09 February 2006

Progress, of a sort

No new pictures today. Seems I've forgotten not only how a computer is turned on but how to click a camera. Never mind take one to work.

No matter.

I've been wearing my arm brace to work the past couple days because I have been having a lot of pain in my right thumb and/or wrist and/or arm and/or upper extremity and/or blahblahfishsticks lately. One of my regular clients at work (I'm a tutor. Contain your excitement.) asked about it because she hadn't noticed it before.

I took it off and showed her the scars I have on that arm, from the second knuckle of my thumb to past the top of the wrist. There's muscle wasting, loss of fat tissue, and at least six surgical scars there from three separate operations. I told her how I had had a nasty fall down the stairs in 1999 and broke my thumb and wrist because I had been holding onto the handrail trying to stay up and that had not worked out well.

The only reason I'm blogging about this is because she said "I would die if that happened to me! I cherish my hands so much!"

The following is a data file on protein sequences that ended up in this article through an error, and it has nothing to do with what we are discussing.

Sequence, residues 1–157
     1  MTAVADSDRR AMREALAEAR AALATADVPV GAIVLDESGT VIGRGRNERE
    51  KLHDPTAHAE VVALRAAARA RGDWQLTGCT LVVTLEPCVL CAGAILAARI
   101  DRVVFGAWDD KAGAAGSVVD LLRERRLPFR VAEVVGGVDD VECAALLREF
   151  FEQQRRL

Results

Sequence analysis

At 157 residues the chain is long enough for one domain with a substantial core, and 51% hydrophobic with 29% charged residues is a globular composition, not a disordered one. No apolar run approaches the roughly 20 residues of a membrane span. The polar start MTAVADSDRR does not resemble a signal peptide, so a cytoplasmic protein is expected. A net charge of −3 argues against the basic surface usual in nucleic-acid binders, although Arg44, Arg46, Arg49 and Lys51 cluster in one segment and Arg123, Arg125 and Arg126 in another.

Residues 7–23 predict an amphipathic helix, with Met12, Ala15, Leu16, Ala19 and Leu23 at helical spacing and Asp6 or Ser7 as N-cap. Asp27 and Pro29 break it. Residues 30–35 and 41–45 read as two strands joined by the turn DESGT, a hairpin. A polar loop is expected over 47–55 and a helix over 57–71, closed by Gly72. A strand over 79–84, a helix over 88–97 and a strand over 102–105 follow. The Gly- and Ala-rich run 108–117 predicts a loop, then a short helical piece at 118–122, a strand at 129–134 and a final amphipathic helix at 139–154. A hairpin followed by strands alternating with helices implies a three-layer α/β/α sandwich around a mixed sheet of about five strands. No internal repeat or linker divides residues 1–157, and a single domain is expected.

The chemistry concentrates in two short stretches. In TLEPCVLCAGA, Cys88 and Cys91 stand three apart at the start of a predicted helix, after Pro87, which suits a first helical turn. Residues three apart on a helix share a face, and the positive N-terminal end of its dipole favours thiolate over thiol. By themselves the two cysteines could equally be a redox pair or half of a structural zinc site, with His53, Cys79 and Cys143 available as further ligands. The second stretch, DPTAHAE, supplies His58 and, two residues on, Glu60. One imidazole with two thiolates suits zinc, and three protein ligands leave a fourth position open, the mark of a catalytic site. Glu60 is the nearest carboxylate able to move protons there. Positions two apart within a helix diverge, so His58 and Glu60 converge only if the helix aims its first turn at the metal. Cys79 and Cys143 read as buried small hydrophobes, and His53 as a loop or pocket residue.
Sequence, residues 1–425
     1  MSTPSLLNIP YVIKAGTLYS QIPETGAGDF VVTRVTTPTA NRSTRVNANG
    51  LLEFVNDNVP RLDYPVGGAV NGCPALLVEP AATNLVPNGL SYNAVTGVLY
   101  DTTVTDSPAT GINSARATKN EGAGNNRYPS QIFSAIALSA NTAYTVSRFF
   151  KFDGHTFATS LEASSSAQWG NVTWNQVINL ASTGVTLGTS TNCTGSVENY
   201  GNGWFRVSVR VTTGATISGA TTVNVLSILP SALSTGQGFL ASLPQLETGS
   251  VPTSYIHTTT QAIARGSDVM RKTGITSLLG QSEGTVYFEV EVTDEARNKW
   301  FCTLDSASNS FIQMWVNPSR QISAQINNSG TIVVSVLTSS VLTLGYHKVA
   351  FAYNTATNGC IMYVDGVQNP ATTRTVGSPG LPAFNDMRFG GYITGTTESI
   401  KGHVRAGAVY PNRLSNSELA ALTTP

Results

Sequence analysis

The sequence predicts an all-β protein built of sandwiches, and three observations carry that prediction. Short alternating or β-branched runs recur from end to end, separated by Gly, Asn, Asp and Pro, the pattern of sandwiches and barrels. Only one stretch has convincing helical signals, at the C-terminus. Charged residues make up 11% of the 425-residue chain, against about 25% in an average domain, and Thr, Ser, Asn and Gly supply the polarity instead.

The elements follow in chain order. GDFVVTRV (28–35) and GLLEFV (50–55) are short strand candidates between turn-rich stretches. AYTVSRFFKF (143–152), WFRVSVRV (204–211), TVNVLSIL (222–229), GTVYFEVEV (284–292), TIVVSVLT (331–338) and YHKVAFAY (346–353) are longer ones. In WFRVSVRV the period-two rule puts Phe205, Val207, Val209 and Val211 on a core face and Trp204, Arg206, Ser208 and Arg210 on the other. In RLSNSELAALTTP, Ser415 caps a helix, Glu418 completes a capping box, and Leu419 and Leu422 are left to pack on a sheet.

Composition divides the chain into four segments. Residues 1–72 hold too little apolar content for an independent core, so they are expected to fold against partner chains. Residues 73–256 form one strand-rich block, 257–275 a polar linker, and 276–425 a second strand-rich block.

And I thought to myself, you know, I have already died.

For a deaf person, losing the ability to use one's dominant hand for writing extensive notes and handing notes back and forth, losing the ability to swivel one's wrist, losing the ability to use two of the three thumb tendons, only being able to wiggle the thumb around, not being able to fold the thumb onto itself nor being able to fold the thumb onto the hand, is a tremendous loss. It means that communication is actively painful for the rest of one's life. It's never anymore a question of whether, but a question of how much.

You can imagine how fun I was to be around for too many years. A public thank you to every one of these people who have listened to me with much patience and grace for far too long.

Which is why it was so amazing how profound it was for me to learn knitting. I learned how to do it backwards of most people, with the left hand doing all the swiveling and holding and moving of the needle into the next stitch, and the right hand merely tasked with wrapping the yarn around the needle. Since, of course, I am not able to operate a needle the "normal" way unless I move my shoulder and elbow instead. And who wants to do that?

Everyone comments on it, the small but important fact that now I smile and laugh and am happy, and am that way day after day as I knit and I knit and I knit and I knit.

It's not that my right arm has stopped hurting or that I can use it the way I used to, the way that someday I might forget I could. It's that despite it all, I have found something profound, something artistic, something meditative, and can create something with my hands, something with meaning.

And I wake up looking forward to the day, looking forward to that day's knitting.

And life has purpose.


Blogger Scoutj said...

Awwwww. So happy for you that you can knit and it makes YOU so happy.

2:55 PM  

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